I updated the main post to show the route provider. I have an ngView on my main rails index page. I put that in above too. The page renders, the location switches, and the form I want is displayed just how I need it to be except the text field is blank instead of showing the name. –  jacklin May 11 '13 at 6:05

1 Answer 1

up vote 1 down vote accepted

Based on the JavaScript you posted, your controller is CustomersEditController. But, when you switch URLs using $location.path, your $routeProvider loads up the new route, instantiating CustomersController instead (as defined via $routeProvider).

Whenver $routeProvider changes routes for you and creates an instance of a controller, your old controller goes away--so you're losing the data on $scope when you change URLs (the new controller gets its own scope).

To fix this, you can load up the user upon reaching the new controller:

function CustomersEditController($scope, $location) {
  $scope.edit_customer = function(customer_id) {
    $location.path('/customers/' + customer_id_id + '/edit');
  };
};

function CustomersController($scope, $location, $routeParams, Customer) {
  var customer_id = $routeParams.customer_id; // from $routeProvider
  Customer.get({id: customer_id, action: 'edit', format : 'json'}, function(resource) {
    $scope.selected_customer = resource.customer;
  }, function(response) {
    console.log('ERROR');
  });
};

Of course, in the case that the user ID is not valid, you'd have to display an error or redirect back to the previous URL.

Another option is to use the resolve property on your route configuration. Basically, resolve allows you to define data that the new controller is going to need, and you can ensure that said data is available before switching to the new route and inject the data into the new controller. By using a promise, you can use asynchronously loaded data, as well.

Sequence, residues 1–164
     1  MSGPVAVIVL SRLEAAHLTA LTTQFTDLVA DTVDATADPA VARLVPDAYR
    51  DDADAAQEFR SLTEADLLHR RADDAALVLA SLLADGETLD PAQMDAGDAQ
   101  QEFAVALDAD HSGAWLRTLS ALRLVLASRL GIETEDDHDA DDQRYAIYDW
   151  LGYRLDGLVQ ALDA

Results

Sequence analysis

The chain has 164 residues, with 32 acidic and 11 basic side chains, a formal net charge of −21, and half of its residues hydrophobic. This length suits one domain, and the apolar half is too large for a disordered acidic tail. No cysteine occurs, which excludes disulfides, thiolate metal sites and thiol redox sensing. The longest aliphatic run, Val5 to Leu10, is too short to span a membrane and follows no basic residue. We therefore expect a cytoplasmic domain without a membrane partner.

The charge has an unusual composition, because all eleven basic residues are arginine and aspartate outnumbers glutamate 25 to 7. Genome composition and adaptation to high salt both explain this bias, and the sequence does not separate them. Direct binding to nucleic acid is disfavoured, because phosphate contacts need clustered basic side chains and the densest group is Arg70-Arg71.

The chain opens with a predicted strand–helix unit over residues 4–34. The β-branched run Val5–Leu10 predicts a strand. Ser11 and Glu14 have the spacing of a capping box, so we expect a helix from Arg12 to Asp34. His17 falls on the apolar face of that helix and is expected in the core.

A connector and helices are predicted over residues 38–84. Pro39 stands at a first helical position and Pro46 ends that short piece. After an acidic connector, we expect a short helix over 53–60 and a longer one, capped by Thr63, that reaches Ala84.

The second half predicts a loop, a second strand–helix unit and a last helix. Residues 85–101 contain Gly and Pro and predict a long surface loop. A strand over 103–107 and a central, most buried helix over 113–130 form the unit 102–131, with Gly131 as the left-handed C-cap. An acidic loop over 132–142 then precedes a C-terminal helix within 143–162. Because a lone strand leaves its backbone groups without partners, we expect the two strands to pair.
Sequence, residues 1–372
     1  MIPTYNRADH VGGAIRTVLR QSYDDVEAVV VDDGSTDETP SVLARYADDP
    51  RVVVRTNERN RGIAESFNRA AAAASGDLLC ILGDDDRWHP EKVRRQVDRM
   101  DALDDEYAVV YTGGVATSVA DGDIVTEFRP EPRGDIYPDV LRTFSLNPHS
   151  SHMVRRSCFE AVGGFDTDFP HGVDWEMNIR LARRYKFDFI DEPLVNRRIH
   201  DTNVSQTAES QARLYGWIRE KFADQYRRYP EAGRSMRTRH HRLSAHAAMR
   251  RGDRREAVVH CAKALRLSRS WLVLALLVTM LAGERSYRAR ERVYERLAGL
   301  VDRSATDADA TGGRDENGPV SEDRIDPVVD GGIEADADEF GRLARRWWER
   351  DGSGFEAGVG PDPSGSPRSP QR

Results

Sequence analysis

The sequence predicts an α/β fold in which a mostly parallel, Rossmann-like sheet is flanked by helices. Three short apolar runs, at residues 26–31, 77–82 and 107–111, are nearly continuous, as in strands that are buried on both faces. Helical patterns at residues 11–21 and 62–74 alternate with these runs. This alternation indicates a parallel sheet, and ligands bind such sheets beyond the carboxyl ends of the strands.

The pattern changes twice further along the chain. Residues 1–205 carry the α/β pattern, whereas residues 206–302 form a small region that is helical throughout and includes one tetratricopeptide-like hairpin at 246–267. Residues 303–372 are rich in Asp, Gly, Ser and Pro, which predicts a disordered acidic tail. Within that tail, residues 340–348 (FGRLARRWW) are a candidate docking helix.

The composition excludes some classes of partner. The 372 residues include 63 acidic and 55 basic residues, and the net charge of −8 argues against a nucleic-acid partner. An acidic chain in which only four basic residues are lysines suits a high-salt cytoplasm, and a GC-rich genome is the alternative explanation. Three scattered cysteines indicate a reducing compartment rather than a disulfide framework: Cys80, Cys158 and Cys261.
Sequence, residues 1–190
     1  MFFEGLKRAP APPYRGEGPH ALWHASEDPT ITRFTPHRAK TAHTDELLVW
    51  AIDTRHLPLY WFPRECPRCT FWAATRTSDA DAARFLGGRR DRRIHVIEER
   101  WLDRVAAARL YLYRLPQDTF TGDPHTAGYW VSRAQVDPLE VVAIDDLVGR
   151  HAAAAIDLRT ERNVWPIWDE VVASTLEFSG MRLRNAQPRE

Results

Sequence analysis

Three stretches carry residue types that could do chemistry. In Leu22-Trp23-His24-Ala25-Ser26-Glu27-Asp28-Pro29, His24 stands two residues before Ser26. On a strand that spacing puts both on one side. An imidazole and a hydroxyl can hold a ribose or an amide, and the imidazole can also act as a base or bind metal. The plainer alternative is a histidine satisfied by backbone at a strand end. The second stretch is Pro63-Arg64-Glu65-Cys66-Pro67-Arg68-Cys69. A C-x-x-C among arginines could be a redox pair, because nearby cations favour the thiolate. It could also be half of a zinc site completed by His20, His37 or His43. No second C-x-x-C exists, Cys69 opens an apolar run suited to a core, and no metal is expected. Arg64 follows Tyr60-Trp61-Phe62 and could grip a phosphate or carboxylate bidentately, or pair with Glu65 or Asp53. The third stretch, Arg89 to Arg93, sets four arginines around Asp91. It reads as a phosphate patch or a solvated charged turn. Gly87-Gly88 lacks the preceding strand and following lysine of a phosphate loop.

$routeProvider.when('/:customer_id/edit/', {
  templateUrl: '/assets/customers/edit.html.slim',
  controller: 'CustomersController',
  resolve: {
    customer: ['$q', '$route', 'Customer', function($q, $route, Customer) {
      var deferred = $q.defer()

      var customer_id = $route.current.params.customer_id;
      Customer.get({id: customer_id, action: 'edit', format : 'json'}, function(resource) {
        // got our user; change routes now
        deferred.resolve(resource.customer);
      }, function(response) {
        // Uh oh! No user found. Cancel changing routes
        // and trigger a $routeChangeError event
        deferred.reject(response);
      });

      // returning the promise ensures the route won't change
      // until the deferred that generated the promise is resolved
      return deferred.promise;
    }]
  }
});

// lower-case customer is injected based on name from `resolve` in route
function CustomersController($scope, $location, customer) {
  $scope.selected_customer = customer;
};
share|improve this answer
    
Thanks that was super helpful! Before trying this out I noticed that if I do an a(href='#/customers/{{customer.id}}/edit') and the provider routes to the editCustomerController The Customer.get works and populates the form if I do the $scope.selected_customer = resource.customer. That var is still unavailable in other controller methods though. Thanks again! –  jacklin May 11 '13 at 17:28